It depends upon how much hiking/biking/photographing you want to do. At absolute minimum, I'd say two days at Zion and one day at Bryce.

The scenic highlights of Bryce can easily be seen in a day by car, and still leave enough time for a few hours to walk or hike about, without feeling very hurried. If you want to catch someplace in different lighting conditions, take a hike down into the canyon to walk among the hoodoos, catch ranger programs, etc. definitely plan on two days. Three would not be outrageous, since it is very pleasant, and even just walking along the mostly-gentle Rim Trail can be very visually rewarding. The bulk of the Bryce facilities (camping, lodging, dining, visitor center, roads, etc.) are on the mostly-forested plateau at elevations between 8009' and 9000', with the viewpoints looking down and out across the vast array of colorful hoodoos. It can be a pleasant respite from the heat. Once you walk down into the canyon, though, shade gets scarce and you're more exposed to the sun.

Zion I would try to allocate at least two days to, in part because of the crowds. Much of the splendor of the main portion of the park can be found in the northern reaches that isn't generally open to private vehicles. This leaves one at the mercy of the shuttle bus system, which if the park is very crowded can lead to waiting through several buses passing by with no room, thus making it take longer than it might otherwise. If you're an avid bicyclist it might not be so bad, since there's a hike-bike trail from town and the park campgrounds up to the road junction where the dead-end road up the canyon joins the road through the park. If you're a fan of hiking or biking, giving this park three, four, or even five days is quite reasonable.

I did the minimum, mostly because it was at the farthest point of the journey, and I wanted to squeeze some short park visits in on the way back to break up the return leg. After Bryce, I spent about six hours at Capitol Reef the next day, and another five hours the day after that in Rocky Mountain National Park (my fifth visit).
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Old 06-03-2018, 03:19 PM   #8
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Caution - we hit the highway to the East of Bryce about the time a rain storm passed through. The run off built fast and nearly took out the road. An eye to the weather and mind how you go. Pat
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Old 06-04-2018, 09:33 AM   #9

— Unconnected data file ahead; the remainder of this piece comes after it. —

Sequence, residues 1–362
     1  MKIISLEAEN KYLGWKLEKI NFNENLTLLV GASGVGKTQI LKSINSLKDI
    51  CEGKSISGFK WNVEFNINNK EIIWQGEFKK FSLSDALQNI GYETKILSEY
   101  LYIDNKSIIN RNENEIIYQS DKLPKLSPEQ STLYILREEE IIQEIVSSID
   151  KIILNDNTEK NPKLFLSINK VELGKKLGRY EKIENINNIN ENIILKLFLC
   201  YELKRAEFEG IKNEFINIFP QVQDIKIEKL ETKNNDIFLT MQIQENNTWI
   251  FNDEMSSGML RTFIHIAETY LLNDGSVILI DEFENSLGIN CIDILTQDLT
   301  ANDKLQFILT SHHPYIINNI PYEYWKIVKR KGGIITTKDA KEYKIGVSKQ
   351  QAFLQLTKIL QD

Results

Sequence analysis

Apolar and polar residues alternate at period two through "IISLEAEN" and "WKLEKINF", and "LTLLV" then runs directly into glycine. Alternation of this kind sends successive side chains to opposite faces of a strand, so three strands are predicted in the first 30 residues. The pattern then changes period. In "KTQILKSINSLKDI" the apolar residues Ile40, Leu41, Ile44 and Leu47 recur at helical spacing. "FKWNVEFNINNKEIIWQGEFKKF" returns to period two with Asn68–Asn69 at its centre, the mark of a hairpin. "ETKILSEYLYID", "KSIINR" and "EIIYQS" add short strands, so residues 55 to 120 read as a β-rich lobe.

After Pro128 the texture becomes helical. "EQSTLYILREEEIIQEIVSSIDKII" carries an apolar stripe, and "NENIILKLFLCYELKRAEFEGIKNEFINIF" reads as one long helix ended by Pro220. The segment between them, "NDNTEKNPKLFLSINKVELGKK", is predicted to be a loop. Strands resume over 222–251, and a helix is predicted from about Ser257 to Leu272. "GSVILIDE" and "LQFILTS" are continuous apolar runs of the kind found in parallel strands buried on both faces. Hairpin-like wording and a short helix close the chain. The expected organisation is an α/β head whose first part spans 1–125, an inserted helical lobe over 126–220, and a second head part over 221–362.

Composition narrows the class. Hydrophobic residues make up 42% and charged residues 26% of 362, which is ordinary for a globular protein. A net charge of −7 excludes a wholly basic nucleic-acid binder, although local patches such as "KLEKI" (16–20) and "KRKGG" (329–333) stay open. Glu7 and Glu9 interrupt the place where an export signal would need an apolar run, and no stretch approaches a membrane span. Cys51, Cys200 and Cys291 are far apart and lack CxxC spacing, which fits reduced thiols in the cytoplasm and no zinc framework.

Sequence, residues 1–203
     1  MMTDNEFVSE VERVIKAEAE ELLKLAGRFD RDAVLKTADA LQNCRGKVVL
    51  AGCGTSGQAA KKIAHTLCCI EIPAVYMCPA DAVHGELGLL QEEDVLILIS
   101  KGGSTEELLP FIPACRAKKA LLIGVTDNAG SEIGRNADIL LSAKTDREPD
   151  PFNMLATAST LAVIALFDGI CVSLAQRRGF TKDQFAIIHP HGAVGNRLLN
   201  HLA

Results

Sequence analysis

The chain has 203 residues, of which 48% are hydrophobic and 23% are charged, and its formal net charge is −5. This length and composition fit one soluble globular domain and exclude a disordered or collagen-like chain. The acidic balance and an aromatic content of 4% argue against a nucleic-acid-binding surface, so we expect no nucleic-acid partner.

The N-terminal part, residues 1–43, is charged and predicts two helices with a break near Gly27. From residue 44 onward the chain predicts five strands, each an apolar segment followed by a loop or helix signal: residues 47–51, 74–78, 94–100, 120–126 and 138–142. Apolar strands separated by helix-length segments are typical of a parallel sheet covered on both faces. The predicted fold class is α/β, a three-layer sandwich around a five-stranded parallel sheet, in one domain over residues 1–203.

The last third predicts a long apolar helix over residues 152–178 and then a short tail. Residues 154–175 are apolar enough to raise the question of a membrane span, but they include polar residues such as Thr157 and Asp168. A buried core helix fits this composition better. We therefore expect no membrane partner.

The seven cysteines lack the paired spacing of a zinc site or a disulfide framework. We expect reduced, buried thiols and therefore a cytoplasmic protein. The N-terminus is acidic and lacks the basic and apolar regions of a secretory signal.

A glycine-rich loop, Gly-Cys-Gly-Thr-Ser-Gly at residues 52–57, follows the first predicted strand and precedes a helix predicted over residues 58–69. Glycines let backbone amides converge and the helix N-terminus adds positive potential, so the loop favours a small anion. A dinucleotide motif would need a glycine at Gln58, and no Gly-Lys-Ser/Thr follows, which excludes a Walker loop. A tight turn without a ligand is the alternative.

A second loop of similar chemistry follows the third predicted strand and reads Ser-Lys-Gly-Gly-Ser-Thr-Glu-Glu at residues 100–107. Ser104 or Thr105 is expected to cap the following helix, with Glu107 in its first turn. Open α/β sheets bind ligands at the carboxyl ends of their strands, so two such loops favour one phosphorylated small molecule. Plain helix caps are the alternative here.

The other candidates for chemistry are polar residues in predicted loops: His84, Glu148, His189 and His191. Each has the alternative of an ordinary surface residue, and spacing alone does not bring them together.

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Donít miss the dinner show at Rubyís, itís a hoot
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Old 06-04-2018, 09:38 AM   #10
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Campground near Zion

We always stay at Bauers campground http://www.bauersrv.com/index.html It is between both parks in Glendale,Ut.
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Old 06-04-2018, 10:03 AM   #11
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No matter what time you have to wake up, DO NOT miss sunrise at Bryce Canyon.



If it were me, I would take one of the days you were going to spend at either Bryce or Zion, skip Highway 89 and do a day at Capitol Reef instead. You can travel up and over the Boulders on Utah Hwy 12 (which is beautiful). Head east on Utah 24 and pick up I-70 just west of Green River Utah.
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Old 06-04-2018, 10:53 AM   #12
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For Zion, we liked the Zion River Resort. It is a few miles from Springdale but paved roads, clean and well-maintained. We preferred the grassy sites as opposed to the sites along the river. There is a berm between the sites and the river, so you really cannot hear or see the river. Also, the adjacent site fire-pits are close and you could be smoked out and the pad is gravel. The pull through sites have concrete pads and grass.


Personally, we liked the sites along the pool area. The pool closes and it is quite. Avoid site 101 as it is a traffic lane to the restrooms.
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Old 06-04-2018, 11:26 AM   #13
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Quote:
Originally Posted by StreaminGeo View Post
We are planning a trip in our 2004 25-foot Safari SS to Zion and Bryce Canyon National Parks to spend three full days at each during September 19 ó 27 of this year. We will be approaching from California via Interstate 15 and then leaving via U.S. Route 89 to Interstate 70 (eventual destination Cincinnati, Ohio). I would appreciate any and all info that readers can give me regarding reservation recommendations, alternate (outside of the parks) places to stay, campground info, things to see, things to do, places to eat ó anything at all!

Thank you!
I have been to Zion many times but not with trailer. I would suggest you call are otherwise check on the requirement for taking an RV through the tunnel going east out of Zion NP toward Hwy 89.. I have been told that it requires a special permit or something and requires an escort vehicle since the tunnel is low clearance on the edges, so only one way traffic is allowed when RVs go through. I believe there is a small fee. It is a beautiful drive, but does require planning.

Enjoy the trip.
Abe
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Old 06-04-2018, 12:06 PM   #14
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I have been to Zion many times but not with trailer. I would suggest you call are otherwise check on the requirement for taking an RV through the tunnel going east out of Zion NP toward Hwy 89.. I have been told that it requires a special permit or something and requires an escort vehicle since the tunnel is low clearance on the edges, so only one way traffic is allowed when RVs go through. I believe there is a small fee. It is a beautiful drive, but does require planning.

Enjoy the trip.
Abe
additional info: I just found this link to the Mt Carmel tunnel passage.
Hope it helps.

https://www.nps.gov/zion/planyourvis...mel-tunnel.htm

Abe